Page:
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Old 03-04-2012, 09:11 PM
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mapbike mapbike is offline
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Join Date: Mar 2010
Location: Central Texas
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Default Re: Going to buy a bike kit

Originally Posted by Rocky_Motor View Post
To learn, the best is probably a kit. You'll also quickly learn that almost everything in the kit is suggested to be replaced. NGK spark plug, better cdi wire and cap, new throttle+kill switch, better sprocket mounting method (depending on your situation)... But most of all, get rid of the included tensioner as fast as possible. Or modify it. More often than not, the tensioner will slide into the rear wheel spokes because it can't clamp properly. These engines can pose a lot of problems, but from a learning perspective you'll learn a lot from it. Some people here suggest taking the top end apart (head and the jug) and making sure that there is no junk ontop of the cylinder. I personally did this and found gasket material on top of my piston. It was also a great opportunity to re torque the head bolts.
And finally.. I would say blue thread locker is a must. You'll have bolts rattlin loose all the time without it and then potentially breaking studs. Of course there is a certain torque range where you may not need the threadlocker but I personally do not know what numbers those would be.

If you're confident in what you can do in terms of fabrication, you may feel up for getting a different motor. Mounting the motor is the hardest part most of the time for any engine that is not a "china girl" as it is called in these kits.

Certainly is fun. Now that I have put my kit together and have found that the steps I took have created a reliable bike, I plan on stepping it up this summer with a new build using a real engine with 9hp. Either dax's or a morini.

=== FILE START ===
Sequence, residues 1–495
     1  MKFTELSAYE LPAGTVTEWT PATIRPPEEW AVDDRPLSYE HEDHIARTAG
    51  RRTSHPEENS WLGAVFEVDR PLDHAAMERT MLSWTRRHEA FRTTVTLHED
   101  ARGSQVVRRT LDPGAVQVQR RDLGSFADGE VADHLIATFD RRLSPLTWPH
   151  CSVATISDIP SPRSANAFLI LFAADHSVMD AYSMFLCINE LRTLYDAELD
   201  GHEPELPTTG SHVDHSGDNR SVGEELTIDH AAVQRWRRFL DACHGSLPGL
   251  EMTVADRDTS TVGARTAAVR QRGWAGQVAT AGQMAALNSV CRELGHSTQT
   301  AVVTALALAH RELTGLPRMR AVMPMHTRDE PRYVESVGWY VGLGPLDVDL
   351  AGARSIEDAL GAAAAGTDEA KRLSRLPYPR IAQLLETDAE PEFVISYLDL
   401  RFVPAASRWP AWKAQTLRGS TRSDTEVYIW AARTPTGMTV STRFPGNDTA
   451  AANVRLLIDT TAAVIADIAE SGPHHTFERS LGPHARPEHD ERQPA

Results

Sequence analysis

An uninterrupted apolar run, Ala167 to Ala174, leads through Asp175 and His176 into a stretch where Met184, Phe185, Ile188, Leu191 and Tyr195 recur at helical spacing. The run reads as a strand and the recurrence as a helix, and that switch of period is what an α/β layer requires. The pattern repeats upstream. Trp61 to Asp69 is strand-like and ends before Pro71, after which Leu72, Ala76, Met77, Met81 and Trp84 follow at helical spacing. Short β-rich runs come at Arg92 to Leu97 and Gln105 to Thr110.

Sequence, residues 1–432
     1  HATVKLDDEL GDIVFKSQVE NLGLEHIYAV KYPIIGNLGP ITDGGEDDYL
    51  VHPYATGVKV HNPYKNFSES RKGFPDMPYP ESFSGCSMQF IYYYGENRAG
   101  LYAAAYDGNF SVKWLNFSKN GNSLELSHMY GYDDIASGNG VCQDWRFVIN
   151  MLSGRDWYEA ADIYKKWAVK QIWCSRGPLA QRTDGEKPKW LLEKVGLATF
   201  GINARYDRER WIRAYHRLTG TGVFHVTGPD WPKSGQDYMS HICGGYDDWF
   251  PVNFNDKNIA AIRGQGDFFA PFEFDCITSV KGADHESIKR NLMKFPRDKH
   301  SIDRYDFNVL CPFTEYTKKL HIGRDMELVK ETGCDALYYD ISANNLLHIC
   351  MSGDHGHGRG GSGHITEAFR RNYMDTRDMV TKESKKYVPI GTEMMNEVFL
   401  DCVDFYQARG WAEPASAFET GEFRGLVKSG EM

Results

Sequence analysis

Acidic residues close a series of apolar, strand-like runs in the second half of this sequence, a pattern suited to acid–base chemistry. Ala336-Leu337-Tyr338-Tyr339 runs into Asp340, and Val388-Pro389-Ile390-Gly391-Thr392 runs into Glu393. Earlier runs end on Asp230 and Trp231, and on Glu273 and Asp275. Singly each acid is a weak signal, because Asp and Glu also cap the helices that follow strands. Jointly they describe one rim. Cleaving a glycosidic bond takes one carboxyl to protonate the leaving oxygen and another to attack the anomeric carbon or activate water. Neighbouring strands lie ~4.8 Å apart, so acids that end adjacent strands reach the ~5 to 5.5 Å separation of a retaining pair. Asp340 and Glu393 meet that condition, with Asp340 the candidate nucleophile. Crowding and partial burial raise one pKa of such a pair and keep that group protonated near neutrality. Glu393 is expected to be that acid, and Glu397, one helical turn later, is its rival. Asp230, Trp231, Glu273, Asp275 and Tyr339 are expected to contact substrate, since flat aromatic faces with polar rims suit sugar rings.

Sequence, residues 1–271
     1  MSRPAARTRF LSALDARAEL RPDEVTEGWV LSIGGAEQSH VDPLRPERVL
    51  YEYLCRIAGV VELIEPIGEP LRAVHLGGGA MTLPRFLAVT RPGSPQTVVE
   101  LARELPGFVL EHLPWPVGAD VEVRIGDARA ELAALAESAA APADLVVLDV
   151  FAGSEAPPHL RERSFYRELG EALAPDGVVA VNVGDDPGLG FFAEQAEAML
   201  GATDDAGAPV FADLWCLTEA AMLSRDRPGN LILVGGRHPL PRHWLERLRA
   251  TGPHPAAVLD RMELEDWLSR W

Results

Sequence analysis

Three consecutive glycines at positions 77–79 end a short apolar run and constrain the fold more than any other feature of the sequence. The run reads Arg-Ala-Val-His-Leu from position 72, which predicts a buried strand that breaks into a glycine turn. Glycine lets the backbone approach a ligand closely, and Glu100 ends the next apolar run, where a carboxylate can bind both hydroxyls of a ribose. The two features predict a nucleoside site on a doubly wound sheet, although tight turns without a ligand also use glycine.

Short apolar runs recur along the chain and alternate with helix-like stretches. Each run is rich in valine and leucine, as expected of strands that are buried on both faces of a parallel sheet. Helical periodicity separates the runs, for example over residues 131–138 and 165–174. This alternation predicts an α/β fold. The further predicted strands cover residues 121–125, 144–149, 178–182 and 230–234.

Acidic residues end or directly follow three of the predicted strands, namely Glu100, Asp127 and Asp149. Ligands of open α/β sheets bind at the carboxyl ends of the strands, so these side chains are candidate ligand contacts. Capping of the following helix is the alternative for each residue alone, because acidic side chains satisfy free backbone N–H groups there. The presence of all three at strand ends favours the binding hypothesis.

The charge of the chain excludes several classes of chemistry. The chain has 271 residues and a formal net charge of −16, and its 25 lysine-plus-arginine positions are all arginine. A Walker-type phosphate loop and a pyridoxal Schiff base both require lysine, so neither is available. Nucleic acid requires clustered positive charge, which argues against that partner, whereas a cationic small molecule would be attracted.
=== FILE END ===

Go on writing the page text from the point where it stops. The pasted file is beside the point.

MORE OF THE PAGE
Good luck!

DANG....! Rocky_Motor You make it sound like these kits are not worth messing with at all.........LOL!

You do make some good points here, but the chain tensioner isn't a problem to secure at all, I've put over 1000 miles on the stock tensioners with out a single hitch if it is secure correctly by drilling a small hole through the tensioner bracket were i saddles the frame and continue the small hole into the frame just on the outside part of the tube and then insert a small sheet metal screw and it wont go anywhere.

I still run the kit supplied throttles on all my bikes, haven't had a failure yet, but you're right they are lite duty, but hold up pretty good as long as you don't get rough with them.

You're dead on the money about using blue loctite on everything, I also upgrade all the mounting hardware to grade5 6mm stuff and use cap screws for all the engine covers.

I figure it's a good plan to just count on spending an extra $5 - $25 on hardware and possibly a couple other upgrades on top of the kit price, my first build didn't get any upgrades other than better rear mounting studs until I had about 1200 miles on it, rear studs are the only thing that ever failed, so I replaced them after 2 years of running this bike they haven't been touched since.

I know there are better engines out there like you mentioned but for the money if someone knows what they are doing these china girl are a good deal and cheap and easy to maintain, oh and did I mention lots of fun......!

Peace, Map

Here is one of the ways I set up the kit tensioner bracket, this thing is bullet proof, I make the tensioner rollers up myself, which are much better than the kit supplied ones but not neccesary to have, just an upgrade down the road.

I dont always ride WOT, but when I do..I do my best to keep the rubber side down..Ride safely my friends!
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